Date of Award

Spring 4-3-2018

Document Type


Degree Name

Doctorate of Education, Ed.D.


College of Education



First Advisor

K. Candis Best, Ph.D.

Second Advisor

Doris Dickerson, Ed.D.

Third Advisor

Paul Wilhite, Ed.D.


This dissertation is intended to complement the conversation in the social sciences about the challenging role of campus principals and the influence they have on teacher retention and job satisfaction. School principals are held accountable for creating positive change within the campus, therefore they supervise the operational and instructional supervision of the faculty and staff.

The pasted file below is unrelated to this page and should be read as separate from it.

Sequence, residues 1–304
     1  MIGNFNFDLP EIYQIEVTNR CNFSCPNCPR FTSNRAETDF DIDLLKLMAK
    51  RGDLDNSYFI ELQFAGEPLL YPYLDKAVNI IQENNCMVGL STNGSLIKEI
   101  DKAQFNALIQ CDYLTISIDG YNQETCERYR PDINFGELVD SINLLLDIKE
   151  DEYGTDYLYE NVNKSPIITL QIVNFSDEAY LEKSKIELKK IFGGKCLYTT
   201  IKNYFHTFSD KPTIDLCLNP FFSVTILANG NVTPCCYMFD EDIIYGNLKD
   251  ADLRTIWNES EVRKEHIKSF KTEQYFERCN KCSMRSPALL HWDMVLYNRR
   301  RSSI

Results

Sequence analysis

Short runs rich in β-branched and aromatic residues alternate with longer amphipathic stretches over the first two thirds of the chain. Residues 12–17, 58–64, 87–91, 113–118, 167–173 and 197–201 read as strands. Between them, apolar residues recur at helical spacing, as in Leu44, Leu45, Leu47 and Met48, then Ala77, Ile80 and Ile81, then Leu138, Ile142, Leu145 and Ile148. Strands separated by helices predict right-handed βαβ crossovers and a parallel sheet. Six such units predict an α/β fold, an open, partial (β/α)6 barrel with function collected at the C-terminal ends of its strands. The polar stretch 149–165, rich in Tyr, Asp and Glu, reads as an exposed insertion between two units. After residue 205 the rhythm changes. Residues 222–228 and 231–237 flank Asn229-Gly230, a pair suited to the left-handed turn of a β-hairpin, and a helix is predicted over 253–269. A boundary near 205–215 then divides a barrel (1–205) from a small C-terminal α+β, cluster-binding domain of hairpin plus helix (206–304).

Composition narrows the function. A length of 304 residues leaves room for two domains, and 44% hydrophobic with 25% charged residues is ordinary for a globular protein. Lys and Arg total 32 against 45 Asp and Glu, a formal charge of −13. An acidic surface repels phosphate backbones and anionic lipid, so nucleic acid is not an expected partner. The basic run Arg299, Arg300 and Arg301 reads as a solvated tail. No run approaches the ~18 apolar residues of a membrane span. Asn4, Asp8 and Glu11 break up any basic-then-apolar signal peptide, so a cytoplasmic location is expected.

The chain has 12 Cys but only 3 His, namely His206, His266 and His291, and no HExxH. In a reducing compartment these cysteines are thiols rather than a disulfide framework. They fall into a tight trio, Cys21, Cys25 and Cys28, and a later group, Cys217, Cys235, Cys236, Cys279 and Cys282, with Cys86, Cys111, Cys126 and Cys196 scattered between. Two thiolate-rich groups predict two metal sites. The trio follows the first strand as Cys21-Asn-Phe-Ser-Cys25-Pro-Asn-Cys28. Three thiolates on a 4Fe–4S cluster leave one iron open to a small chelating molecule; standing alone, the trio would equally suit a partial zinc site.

This study explores the distinct role of principal leadership and its requirements. Leadership in a Title I school, involves demands that related to the school’s success. Leadership style has the power to arouse or impede teacher success. School leaders must know how to operate the campus effectively, while simultaneously acting as an instructional leader. Retaining successful teachers will help meet campus expectations and all state and federal accountability requirements. In order to do so, school leaders must exhibit leadership skills and adopt practices that support the attainment of goals set by education guidelines set by legislature. Studies have shown an association of a principal’s leadership style to collaboration, working relationships, student achievement, and teacher retention. This study investigates the perceptions of teachers working at Title I campuses and the factors that determine how they feel about their working relationships, job satisfaction, and retention.